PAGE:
NASHVILLE -- Country music? Of course P.K. Subban has country music on his iPod. He had it long before the Montreal Canadiens traded him to the Nashville Predators for Shea Weber on June 29, long before he embraced Music City by singing Johnny Cash's "Folsom Prison Blues" at Tootsie's Orchid Lounge on July 17.
As he explained after practice Thursday, Subban played with Carey Price in Montreal, and when you play with Carey Price, you've got to have some country on there. He listed Eric Church, Kenny Chesney, Toby Keith, Garth Brooks, Buddy Jewell, Taylor Swift …
"I've got some Carrie Underwood," he said.
He paused, looked up and said it louder so the whole dressing room could hear.
"I'VE GOT SOME CARRIE UNDERWOOD!" he said.
His new teammate Mike Fisher, of course, is Underwood's husband.
"Yeah, I've got a bunch on there," he said with a smile.
Video: Weber vs. Subban in 16-17
Everything is in harmony now -- Subban's creative playing style, his outgoing personality and the Predators philosophy -- as they open the regular season against the Chicago Blackhawks at Bridgestone Arena on Friday (8 p.m. ET; NBCSN, TVA Sports, CSN-CH, NHL.TV).
Subban's breakup with the Canadiens has been well-documented, from his love affair with the fans to his conflicts with the organization. But maybe it will turn out for the best. The focus is on the positive, on the future.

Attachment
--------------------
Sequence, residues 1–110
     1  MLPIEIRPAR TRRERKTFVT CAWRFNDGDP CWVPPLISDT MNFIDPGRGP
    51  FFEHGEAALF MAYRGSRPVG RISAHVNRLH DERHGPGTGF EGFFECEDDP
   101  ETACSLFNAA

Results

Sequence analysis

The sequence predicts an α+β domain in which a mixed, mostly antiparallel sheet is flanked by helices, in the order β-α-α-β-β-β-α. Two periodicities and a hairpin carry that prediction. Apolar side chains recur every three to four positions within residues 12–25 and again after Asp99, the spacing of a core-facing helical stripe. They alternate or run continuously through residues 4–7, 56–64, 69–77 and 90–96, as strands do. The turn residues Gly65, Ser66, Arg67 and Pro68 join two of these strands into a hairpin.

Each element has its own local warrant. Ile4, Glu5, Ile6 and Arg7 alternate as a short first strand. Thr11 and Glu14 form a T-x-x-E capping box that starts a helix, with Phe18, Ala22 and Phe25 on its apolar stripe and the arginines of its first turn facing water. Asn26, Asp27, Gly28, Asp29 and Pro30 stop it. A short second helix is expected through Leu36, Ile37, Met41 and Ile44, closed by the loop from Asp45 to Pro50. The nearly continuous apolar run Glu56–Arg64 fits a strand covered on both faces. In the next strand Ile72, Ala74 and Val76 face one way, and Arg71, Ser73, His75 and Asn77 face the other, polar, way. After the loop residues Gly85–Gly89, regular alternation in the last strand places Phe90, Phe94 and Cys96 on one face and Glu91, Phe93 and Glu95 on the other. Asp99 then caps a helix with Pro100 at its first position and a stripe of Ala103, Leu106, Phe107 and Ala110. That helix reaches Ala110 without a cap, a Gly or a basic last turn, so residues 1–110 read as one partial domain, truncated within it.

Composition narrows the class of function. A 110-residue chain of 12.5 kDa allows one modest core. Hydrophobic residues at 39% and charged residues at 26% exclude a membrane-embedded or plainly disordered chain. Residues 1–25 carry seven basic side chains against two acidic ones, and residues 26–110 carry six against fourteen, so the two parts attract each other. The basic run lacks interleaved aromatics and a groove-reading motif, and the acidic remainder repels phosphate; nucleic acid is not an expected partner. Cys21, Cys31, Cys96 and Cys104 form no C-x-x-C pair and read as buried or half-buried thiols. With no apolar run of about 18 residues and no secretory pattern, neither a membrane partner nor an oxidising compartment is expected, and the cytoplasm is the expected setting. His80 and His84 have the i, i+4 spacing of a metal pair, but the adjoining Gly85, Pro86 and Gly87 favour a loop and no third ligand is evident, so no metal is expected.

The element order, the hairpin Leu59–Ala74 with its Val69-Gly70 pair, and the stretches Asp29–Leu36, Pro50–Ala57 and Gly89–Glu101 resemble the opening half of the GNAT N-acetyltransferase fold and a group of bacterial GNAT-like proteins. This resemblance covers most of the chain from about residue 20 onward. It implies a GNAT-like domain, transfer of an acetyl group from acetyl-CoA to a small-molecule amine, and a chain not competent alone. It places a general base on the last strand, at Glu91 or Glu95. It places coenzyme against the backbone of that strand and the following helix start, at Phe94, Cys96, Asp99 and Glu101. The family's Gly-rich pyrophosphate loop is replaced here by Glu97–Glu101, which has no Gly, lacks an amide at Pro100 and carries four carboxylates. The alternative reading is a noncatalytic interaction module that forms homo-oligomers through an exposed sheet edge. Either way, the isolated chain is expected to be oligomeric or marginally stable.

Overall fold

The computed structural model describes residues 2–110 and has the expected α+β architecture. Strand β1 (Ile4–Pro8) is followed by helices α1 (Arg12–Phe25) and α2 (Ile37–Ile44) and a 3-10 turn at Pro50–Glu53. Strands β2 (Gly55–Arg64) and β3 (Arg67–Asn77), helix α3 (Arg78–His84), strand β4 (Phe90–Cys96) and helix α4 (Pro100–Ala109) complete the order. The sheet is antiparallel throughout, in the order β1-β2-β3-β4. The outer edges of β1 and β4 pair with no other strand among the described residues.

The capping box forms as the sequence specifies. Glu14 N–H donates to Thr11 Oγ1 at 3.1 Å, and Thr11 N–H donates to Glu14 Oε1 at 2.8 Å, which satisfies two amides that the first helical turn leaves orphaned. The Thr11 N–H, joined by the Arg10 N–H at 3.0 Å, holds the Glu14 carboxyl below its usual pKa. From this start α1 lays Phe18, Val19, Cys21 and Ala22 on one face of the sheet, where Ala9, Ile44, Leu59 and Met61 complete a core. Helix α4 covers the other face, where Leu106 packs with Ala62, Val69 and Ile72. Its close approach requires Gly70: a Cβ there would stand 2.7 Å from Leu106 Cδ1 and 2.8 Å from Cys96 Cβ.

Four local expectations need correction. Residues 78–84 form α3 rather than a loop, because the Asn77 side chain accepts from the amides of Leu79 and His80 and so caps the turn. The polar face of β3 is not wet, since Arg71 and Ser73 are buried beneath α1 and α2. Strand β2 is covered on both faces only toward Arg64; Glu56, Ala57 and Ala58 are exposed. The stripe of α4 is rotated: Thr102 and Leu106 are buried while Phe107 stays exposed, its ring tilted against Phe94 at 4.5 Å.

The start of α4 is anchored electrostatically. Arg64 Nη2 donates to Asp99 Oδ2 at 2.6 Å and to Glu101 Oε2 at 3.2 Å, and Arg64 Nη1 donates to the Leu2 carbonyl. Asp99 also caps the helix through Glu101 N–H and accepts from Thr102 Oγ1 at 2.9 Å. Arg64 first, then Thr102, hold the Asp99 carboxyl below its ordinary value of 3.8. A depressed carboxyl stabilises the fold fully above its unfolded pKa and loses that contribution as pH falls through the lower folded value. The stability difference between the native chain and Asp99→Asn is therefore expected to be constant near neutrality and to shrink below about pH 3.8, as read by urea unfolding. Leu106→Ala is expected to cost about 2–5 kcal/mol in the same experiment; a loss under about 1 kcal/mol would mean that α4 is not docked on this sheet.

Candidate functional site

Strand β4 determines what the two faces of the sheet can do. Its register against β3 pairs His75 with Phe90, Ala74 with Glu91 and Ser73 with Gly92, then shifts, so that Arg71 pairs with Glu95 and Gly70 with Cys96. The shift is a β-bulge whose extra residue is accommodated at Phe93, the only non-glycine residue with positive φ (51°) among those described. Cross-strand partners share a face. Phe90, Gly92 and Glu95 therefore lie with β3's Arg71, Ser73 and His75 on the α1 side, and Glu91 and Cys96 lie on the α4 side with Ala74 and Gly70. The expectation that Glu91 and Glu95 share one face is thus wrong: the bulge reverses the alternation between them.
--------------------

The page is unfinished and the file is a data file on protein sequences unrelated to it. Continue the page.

Told a season-ticket holder had taken out a full-page ad in the Montreal Gazette, saying he or she would attend only the Predators' appearance at the Bell Centre on March 2, Subban said: "It would be nice to hear the opposite: 'I'm so happy that P.K.'s here, I'm going to buy season tickets.' It would be great to hear that. I mean, obviously there's a lot of things going on in Montreal. People are going to talk about [the trade]. It will be interesting to see what happens once the season starts, if everything kind of goes away."
Unprompted, he went on to say this: "To be honest with you, the transition to Nashville's been great. I get along really well with everybody in here. It feels like I've been here a lot longer."
He listed new teammates with whom he had some familiarity like he listed those country stars: Fisher, Colin Wilson, Cody Bass, Ryan Ellis, James Neal, Roman Josi, Pekka Rinne, He knew them from the IIHF World Championship, or from back home in Toronto, or from seeing them at the NHL All-Star Game.
"Coming in, I feel right at home, and I haven't really thought too much about anything else other than just getting ready for the season, which is good," he said. "Still talk to all of my friends every day in Montreal. I don't think there's a day that goes by that people aren't like, 'Aw, I miss you,' or whatever. But that's expected. But I'm happy."
The Predators want Subban to be himself as a player and a person. All they ask is that everyone stay on the same page.
Video: Subban says he loves the city and people of Nashville